Does the Arizona Immigration Law Violate the International Convention for the Elimination of Racial Discrimination?

by Julian Ku

Yes, says Human Rights Watch in this press release.   According to HRW, the new (and hotly controversial Arizona law) is in conflict  with ICERD.  I am troubled by the AZ law and think it is likely preempted by other federal law, but I am baffled as to how the AZ law could be a clear violation (or even any kind of violation) of ICERD.  Here is HRW’s argument:

Under the new law, police officers will be empowered to stop and interrogate any person whom they “reasonably suspect” might be in the United States illegally. The law includes provisions allowing Arizona residents who believe the local police are not enforcing the law vigorously enough to sue a city or town. As a result, police officers will be under pressure to make an arrest, even when in doubt, rather than risk a lawsuit, resulting in wrongful arrests and unfair enforcement, Human Rights Watch said.

While Arizona’s governor, Jan Brewer, has required training for police officers to prevent “racial profiling” – acting on the basis of racial or ethnic characteristics – police will have little to go on other than an individual’s appearance when choosing whom to stop. People of Latino descent, whether US citizens, legal residents, or undocumented persons, will be most at risk.

The Convention against Racial Discrimination requires the federal and all state and local governments to ensure that their immigration policies do not have the effect of discriminating against persons on the basis of race, color, descent, or national or ethnic origin. This includes ensuring that non-citizens enjoy equal protection and recognition before the law. The US government is prohibited from engaging in acts or the practice of racial discrimination against persons or groups of persons and must “ensure that all public authorities and public institutions, national and local, shall act in conformity with this obligation.

Emphasis added. I think this argument is very unpersuasive. Plainly, a nation has a right under ICERD to enforce its immigration laws against illegal aliens and non-citizens.  It is simply not plausible to me that ICERD requires ensuring that non-citizens enjoy equal protection.   This is stated in Article 1:2 and 1:3 of ICERD

2. This Convention shall not apply to distinctions, exclusions, restrictions or preferences made by a State Party to this Convention between citizens and non-citizens.

3. Nothing in this Convention may be interpreted as affecting in any way the legal provisions of States Parties concerning nationality, citizenship or naturalization, provided that such provisions do not discriminate against any particular nationality.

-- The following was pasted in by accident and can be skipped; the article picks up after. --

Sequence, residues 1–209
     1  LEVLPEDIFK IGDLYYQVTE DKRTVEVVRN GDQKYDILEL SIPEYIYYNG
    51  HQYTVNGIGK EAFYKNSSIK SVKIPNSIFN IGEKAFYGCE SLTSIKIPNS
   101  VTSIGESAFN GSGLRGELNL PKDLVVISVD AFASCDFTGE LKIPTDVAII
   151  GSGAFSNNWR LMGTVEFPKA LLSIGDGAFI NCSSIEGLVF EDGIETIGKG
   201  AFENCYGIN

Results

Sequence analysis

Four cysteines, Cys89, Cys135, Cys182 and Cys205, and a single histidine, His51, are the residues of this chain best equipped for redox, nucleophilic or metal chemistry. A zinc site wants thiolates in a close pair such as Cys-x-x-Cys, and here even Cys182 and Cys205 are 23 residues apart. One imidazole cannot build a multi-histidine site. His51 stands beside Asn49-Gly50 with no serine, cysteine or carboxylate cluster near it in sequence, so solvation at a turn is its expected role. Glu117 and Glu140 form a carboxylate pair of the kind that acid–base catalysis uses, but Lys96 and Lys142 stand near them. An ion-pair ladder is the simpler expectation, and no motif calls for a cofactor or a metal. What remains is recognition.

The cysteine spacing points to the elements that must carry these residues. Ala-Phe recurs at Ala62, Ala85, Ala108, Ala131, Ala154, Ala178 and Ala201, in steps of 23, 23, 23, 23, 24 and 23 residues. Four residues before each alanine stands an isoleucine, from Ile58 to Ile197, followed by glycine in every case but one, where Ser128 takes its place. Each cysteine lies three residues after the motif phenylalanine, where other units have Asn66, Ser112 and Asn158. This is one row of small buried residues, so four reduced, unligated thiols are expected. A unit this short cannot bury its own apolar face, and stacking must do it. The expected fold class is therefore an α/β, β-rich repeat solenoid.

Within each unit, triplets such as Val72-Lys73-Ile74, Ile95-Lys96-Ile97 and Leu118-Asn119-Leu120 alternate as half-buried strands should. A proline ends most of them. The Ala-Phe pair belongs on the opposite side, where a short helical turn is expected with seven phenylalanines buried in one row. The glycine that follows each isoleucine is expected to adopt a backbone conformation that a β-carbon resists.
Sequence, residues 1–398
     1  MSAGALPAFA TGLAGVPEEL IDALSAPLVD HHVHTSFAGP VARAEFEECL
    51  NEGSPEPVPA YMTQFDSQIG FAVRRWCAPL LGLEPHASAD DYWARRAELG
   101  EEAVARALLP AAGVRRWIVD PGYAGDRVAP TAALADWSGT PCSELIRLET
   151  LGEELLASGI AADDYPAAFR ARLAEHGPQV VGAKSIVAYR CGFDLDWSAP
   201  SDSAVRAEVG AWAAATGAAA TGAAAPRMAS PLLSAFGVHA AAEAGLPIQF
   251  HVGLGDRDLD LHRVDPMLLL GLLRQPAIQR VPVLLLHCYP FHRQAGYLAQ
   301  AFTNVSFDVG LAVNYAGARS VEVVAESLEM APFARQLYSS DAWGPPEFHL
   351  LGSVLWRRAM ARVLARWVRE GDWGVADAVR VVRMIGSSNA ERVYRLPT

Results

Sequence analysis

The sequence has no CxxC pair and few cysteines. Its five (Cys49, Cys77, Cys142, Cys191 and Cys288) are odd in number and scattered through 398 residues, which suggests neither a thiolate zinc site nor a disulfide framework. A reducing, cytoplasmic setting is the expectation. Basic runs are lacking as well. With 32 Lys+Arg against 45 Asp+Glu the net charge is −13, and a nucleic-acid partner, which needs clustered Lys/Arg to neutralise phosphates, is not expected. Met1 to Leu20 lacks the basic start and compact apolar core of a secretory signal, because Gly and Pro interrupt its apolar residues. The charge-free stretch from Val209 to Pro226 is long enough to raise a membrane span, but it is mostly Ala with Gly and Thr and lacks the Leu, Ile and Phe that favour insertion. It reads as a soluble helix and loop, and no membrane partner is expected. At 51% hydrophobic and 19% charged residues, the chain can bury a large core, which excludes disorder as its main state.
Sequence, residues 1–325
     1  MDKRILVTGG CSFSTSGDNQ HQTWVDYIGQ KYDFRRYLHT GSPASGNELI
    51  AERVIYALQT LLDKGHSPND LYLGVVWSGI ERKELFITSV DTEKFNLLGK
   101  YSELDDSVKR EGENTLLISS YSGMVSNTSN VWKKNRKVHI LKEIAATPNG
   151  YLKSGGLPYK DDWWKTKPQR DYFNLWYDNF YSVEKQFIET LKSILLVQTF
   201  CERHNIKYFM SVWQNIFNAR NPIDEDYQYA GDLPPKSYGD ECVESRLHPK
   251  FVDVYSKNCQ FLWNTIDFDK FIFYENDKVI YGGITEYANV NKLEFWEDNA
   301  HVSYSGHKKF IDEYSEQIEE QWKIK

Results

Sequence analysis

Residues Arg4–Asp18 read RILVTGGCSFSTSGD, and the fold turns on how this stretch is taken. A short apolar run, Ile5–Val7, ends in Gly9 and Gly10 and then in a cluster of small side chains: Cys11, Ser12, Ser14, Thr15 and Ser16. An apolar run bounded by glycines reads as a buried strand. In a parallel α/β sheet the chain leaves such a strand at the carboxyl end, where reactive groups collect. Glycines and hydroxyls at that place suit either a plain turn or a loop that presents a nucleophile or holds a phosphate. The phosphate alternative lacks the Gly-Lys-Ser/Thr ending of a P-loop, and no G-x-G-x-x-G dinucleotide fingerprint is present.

Emphasis added.  If a particular region of a country has immigrants of one race, it can’t possibly violate ICERD to enforce immigration laws against that group.   So this whole HRW claim is based on the assumption that a law that facially does not discriminate on the basis of race, and which its proponents say is not intended to discriminate on the basis of race, and which its executive officials say will not use racial profiling, is a plain violation of ICERD.

Certainly, Article 2:1:c instructs each nation to “take effective measures to review governmental, national and local policies, and to amend, rescind or nullify any laws and regulations which have the effect of creating or perpetuating racial discrimination wherever it exists.”  But we don’t know what the effect of the AZ law will be. But given that immigration enforcement seems plainly treated as a different category under ICERD, the HRW analysis seems borderline frivolous.  The AZ law will probably be struck down, or perhaps repealed, but there is zero chance of this weak  ICERD argument being part of the analysis.

4 Responses

  1. Although in Spanish, I wrote about this issue some days ago. You can visit my blog at:

    I believe that any State may legislate to regulate the issue of immigration. However, when just being illegally in the territory is punishable up to six months in jail, that may be infringing the right to due process, sufficiently established in international law. Illegal immigrants have the right to seek protection from the diplomatic authorities of their country, for example.

    Moreover, it seems excessive to give to the police the opportunity to ask immigration status to any person with the sole excuse to have a reasonable suspicion about that person. This certainly can lead to abuses of governmental authorities, violating the ban of discrimination in international law.

  2. I think the distinction between “authorized”  and “unauthorized” non-citizens would futher HRW’s argument. For example, I assume that ICE does not vigorously investigate Legal residents to ensure they are carring their alien registration documents on them.

    Therefore, the pre-emption argument ties into what HRW is stating–that AZ’s law’s effect on Legal Permanent residents will be violative of ICERD because the Federal government, for whatever reason, does not unduly target LPR’s for the crime of not having their registration documents on them.

  3. “Time and time again, courts have determined and made it very clear that the ability to regulate and enforce immigration is exclusively in the federal domain,” says Karen Tumlin, managing attorney for the National Immigration Law Center. “This law violated the federal space by very clearly trying to regulate and enforce immigration law.”

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  4. Julian, the CERD treaty committee has been backtracking from the letter of these provisions – see its General Comment XXX, which concludes that parties should “ensure that immigration policies do not have the effect of discriminating against persons on the basis of race.” 

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